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Tight Labor Markets and the Demand for Education: Evidence from the Coal Boom and Bust

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  • Dan A. Black
  • Terra G. McKinnish
  • Seth G. Sanders

Abstract

Human capital theory predicts that individuals acquire less schooling when the returns to schooling are small. To test this theory, the authors study the effect of the Appalachian coal boom on high school enrollments. During the 1970s, a boom in the coal industry increased the earnings of high school dropouts relative to those of graduates. During the 1980s, the boom subsided and the earnings of dropouts declined relative to those of graduates. The authors find that high school enrollment rates in Kentucky and Pennsylvania declined considerably in the 1970s and increased in the 1980s in coal-producing counties relative to counties without coal. The estimates indicate that a long-term 10% increase in the earnings of low-skilled workers could decrease high school enrollment rates by as much as 5–7%—a finding with implications for policies aimed at improving low-skilled workers' employment and earnings, such as wage subsidies and minimum wage increases.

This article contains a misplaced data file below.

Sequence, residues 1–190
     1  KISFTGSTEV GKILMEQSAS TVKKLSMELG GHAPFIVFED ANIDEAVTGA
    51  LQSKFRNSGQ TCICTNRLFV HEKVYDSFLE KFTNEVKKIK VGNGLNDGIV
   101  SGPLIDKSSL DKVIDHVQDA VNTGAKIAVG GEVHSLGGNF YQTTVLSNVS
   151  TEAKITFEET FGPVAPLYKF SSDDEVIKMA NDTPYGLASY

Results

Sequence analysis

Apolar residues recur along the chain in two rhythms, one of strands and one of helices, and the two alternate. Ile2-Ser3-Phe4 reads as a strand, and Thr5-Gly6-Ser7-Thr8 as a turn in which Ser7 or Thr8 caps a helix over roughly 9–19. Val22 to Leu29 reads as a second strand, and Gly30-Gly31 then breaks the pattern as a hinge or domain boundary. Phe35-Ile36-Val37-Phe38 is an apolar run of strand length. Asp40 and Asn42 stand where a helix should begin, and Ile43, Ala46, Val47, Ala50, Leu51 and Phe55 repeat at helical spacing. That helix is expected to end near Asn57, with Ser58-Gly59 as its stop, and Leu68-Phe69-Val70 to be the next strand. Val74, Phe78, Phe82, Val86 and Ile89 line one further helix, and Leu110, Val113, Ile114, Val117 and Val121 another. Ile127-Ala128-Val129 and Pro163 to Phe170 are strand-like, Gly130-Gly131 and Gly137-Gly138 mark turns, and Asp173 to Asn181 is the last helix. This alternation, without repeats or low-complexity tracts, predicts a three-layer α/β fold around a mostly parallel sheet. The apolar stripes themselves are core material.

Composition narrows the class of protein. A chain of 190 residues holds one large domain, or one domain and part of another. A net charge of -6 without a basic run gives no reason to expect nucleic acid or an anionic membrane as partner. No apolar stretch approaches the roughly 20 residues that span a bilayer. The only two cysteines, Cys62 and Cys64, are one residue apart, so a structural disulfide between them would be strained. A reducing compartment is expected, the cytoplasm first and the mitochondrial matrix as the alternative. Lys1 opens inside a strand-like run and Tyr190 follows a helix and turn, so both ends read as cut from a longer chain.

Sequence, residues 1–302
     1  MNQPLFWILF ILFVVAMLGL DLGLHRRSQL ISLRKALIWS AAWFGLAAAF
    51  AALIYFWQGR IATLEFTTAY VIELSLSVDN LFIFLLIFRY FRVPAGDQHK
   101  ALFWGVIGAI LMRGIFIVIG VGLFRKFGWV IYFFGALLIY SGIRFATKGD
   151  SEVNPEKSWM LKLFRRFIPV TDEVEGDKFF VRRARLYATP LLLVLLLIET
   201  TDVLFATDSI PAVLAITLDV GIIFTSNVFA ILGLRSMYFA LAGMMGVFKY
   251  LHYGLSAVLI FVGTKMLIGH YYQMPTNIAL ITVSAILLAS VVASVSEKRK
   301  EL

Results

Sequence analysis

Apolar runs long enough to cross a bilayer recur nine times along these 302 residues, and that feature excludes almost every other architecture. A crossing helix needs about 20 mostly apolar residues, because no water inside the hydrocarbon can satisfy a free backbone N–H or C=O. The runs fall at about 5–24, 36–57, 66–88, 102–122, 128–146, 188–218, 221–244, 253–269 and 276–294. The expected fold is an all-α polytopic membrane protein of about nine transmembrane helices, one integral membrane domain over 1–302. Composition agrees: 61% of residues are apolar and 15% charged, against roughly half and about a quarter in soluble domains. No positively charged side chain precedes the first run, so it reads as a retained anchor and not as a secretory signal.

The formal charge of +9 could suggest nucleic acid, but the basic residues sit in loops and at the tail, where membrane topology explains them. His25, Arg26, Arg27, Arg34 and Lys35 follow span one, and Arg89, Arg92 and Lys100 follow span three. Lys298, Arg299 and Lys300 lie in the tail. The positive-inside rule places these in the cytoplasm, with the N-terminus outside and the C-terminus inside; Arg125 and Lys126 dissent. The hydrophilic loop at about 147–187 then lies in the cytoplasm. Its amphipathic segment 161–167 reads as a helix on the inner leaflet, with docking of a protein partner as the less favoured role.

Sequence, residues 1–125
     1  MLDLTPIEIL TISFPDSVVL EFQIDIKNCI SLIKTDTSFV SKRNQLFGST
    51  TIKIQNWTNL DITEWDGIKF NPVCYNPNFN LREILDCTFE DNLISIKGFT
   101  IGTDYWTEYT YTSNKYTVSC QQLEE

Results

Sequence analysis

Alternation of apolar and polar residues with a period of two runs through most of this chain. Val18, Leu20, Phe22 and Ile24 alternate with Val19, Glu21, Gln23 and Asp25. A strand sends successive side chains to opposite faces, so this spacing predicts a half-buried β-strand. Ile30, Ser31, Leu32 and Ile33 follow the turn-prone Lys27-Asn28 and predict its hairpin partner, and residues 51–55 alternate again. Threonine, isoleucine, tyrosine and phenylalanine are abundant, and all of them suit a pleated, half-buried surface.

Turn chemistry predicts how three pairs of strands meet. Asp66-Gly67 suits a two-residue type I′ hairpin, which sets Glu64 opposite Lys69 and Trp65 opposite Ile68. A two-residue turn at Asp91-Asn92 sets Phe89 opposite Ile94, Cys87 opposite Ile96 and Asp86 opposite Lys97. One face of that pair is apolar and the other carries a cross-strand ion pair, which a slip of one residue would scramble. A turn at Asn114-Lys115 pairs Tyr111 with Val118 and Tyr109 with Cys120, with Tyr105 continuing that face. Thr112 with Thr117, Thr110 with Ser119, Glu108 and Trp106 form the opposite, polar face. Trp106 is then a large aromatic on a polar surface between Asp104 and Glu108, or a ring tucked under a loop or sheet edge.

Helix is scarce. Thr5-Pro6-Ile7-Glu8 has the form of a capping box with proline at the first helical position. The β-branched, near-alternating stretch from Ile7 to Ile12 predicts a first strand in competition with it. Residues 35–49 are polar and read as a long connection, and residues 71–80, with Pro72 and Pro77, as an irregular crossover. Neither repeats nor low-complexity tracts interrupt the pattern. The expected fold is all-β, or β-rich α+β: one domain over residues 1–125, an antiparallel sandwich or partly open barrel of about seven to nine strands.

Suggested Citation

  • Dan A. Black & Terra G. McKinnish & Seth G. Sanders, 2005. "Tight Labor Markets and the Demand for Education: Evidence from the Coal Boom and Bust," ILR Review, Cornell University, ILR School, vol. 59(1), pages 3-16, October.
  • Handle: RePEc:sae:ilrrev:v:59:y:2005:i:1:p:3-16
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